There is a long-established principal of law that holds that spouses are jointly and severally liable for debts incurred to third-parties for “necessities” (i.e., common-law doctrine of necessaries). Essentially, under the doctrine of necessities, a spouse is equally responsible for payment of a debt incurred for the provision of life’s essentials. For example, a husband is equally responsible for a debt incurred exclusively by his wife (i.e., husband was not a party to the transaction) for groceries or housing.

The Massachusetts legislature has enacted a law codifying this common-law doctrine, Mass. Gen. Laws. ch 209, § 1 (“G.L. ch. 209”). Under G.L. ch. 209, “spouses shall be liable jointly or severally for debts incurred on account of necessaries furnished to either spouse or to a member of their family.” While the G.L. ch. 209 does not define “necessities”, Massachusetts’ Supreme Judicial Court has stated, when discussing the common-law doctrine, that the term is “not confined to articles of food or clothing required to sustain life, but has a much broader meaning and includes such articles for use by a wife as are suitable to maintain her according to the property and condition in life of her husband.” Jordan Marsh Co. v. Cohen, 242 Mass. 245, 249 (1922).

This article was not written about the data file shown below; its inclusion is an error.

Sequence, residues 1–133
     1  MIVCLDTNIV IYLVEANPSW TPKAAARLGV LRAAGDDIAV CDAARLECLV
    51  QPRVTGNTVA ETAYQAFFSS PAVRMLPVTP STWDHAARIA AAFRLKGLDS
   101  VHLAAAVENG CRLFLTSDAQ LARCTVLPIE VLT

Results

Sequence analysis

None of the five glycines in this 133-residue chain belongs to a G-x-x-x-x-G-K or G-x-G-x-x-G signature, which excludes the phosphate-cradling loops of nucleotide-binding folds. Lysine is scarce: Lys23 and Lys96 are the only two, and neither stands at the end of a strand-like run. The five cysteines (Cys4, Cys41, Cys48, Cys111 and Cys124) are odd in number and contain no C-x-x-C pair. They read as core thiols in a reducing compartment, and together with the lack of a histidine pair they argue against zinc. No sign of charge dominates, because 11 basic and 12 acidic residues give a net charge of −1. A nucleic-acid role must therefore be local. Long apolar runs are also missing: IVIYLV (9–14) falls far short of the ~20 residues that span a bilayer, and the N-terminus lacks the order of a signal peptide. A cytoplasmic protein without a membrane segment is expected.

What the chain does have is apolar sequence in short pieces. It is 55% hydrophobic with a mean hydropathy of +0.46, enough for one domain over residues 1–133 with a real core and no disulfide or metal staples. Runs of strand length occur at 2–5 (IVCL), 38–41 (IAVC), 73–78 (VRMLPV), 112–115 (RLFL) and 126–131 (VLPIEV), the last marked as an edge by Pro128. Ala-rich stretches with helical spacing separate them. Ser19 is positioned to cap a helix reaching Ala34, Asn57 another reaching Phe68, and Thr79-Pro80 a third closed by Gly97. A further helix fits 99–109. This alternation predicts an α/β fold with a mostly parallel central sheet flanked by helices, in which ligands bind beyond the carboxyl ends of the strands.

Consequently, the Courts have found that necessities include nursing home care. See Mediplex of Mass., Inc. v. Donovan, 1994 Mass.App.Div. 123, 1994 WL 361967 (1994) and Emerson Vill., LLC v. Jode, No. MICV201201736F, 2012 WL 6928123 (Mass. Super. Dec. 15, 2012). In Emerson, husband and wife (“Husband” and “Wife”) were a long-married couple. In April 2010, Husband was admitted to skilled nursing facility (“Nursing Home”) for long term care. Husband applied for MassHealth long term care benefits (“Benefits”) to […]